Finnish strategy advancing the use of more environmentally sound and resource efficient soil remediation methods.
This practice is a national strategy setting an example of state support tool for introduction and diffusion of novel in-situ remediation methods and getting soils into better condition.
The National Risk Management Strategy for Contaminated Land was published by the Finnish Ministry of the Environment in 2015. It was created to response to changes in the operating environment of remediation sector. The strategy aims at managing the environmental and health risks of contaminated soils in a sustainable manner by year 2040. The strategy sets various objectives, and several actions and tasks are named to reach the objectives.
Especially two funding programmes presented in the strategy are relevant for diffusion of new in-situ remediation technologies. The first, the National investigation and remediation programme 2017 - 2040, allocates funding for investigating and cleaning risky, often orphan sites. Another programme is the Government's experimental programme for remediating contaminated soils 2016 - 2018, which aims to speed up development and introduction of sustainable risk management methods and increasing competitiveness of Finnish remediation business.
The Ministry of the Environment coordinates the implementation of the strategy. The majority of the strategy’s tasks are targeted to public authorities. Actors like consultants, contractors, engineers and research organisations can get direct economical benefits from the strategy’s two funding programmes.
The national investigation and remediation programme delivers 12 M € funding yearly and managing it costs 18 man-years. The experimental programme for remediating contaminated soils delivers 5 M € during three years.
Evidence of success
Success of this solution cannot be comprehensively estimated yet. So far, the National investigation and remediation programme has funded investigations of 95 contaminated sites and remediation of 11 sites. The Experimental programme for remediating contaminated soils has granted funding for over 20 projects, involving more than 50 companies and research organisations. These funding programmes foster the testing and diffusion of novel in-situ remediation methods.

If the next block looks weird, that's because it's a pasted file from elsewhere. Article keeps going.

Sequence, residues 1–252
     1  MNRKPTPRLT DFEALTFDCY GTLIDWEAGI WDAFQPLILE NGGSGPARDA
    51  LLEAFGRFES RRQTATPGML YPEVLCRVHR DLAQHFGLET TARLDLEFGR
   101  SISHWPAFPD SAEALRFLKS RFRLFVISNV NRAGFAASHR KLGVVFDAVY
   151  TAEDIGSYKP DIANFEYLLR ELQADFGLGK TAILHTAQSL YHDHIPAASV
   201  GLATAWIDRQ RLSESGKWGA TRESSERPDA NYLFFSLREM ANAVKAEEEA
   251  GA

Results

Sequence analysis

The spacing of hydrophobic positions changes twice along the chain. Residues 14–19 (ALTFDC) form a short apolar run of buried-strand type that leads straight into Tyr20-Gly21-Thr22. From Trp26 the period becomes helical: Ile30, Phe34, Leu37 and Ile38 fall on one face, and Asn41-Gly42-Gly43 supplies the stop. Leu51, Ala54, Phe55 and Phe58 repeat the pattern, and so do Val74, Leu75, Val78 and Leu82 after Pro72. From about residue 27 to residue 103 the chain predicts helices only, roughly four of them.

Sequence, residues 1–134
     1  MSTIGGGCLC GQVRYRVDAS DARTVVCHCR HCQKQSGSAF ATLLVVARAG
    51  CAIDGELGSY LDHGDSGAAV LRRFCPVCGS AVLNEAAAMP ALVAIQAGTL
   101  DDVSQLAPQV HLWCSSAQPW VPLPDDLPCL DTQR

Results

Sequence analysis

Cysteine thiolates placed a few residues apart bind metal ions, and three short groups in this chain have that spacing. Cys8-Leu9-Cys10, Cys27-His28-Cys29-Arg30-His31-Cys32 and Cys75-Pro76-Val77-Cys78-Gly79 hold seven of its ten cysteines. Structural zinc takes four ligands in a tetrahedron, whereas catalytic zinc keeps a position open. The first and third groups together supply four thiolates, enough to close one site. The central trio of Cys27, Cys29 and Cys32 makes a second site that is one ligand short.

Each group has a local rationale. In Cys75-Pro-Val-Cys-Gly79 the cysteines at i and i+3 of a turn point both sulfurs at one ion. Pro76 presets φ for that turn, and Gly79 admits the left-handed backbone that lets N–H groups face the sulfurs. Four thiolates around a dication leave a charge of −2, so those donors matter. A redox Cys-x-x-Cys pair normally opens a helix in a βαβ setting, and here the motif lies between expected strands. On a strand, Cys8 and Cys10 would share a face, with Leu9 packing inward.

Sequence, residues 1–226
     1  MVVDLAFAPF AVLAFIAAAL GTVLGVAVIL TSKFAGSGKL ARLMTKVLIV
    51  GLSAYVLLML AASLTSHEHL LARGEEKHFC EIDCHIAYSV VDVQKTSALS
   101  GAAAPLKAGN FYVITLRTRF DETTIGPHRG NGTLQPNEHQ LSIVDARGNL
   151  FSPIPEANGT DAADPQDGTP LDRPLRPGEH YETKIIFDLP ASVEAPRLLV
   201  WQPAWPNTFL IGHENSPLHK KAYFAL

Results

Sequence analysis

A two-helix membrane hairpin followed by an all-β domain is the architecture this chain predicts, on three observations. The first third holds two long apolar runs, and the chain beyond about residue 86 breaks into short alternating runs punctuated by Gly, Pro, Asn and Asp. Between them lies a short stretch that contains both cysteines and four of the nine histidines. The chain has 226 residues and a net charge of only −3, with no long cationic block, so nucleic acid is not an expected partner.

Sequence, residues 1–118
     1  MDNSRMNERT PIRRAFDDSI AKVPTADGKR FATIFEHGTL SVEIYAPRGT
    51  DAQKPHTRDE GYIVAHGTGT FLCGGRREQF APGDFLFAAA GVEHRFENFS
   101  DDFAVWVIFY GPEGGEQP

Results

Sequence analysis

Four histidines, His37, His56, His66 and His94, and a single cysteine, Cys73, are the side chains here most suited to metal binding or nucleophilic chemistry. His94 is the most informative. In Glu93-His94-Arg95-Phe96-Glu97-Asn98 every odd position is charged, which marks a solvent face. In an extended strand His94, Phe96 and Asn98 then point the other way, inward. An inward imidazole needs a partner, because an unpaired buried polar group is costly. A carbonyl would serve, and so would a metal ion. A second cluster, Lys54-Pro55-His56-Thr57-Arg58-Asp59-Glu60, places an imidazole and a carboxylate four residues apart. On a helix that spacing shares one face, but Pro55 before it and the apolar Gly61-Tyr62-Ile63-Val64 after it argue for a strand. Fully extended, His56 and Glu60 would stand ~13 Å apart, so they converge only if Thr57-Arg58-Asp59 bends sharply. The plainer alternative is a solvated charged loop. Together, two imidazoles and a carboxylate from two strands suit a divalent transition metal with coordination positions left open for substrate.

The most remarkable barrier to implementation of this practice is the limitation of resources. So far it has not been possible to advance all the objectives of the ambitious strategy. Prioritizing only some of the objectives has been required.
Potential for learning or transfer
The practice is a national strategy that pursues the use of more environmentally sound and resource efficient soil remediation practices in Finland. It allocates funding for research, development, demonstration and advancing of novel remediation techniques and sustainable risk management procedures. So the solution promotes transition of remediation processes to a more sustainable direction and sets an example of a national funding instrument.
When implementing this kind of solution, it is crucial to involve all different actors that work in remediation sector for example by letting them participate in strategy planning. In order to achieve the objectives, it is essential that different actors co-operate effectively during implementation phase. In Finland the number of actors working in the remediation sector is relatively low, and many actors know each other personally. This, for its part, facilitates achieving the strategy objectives.
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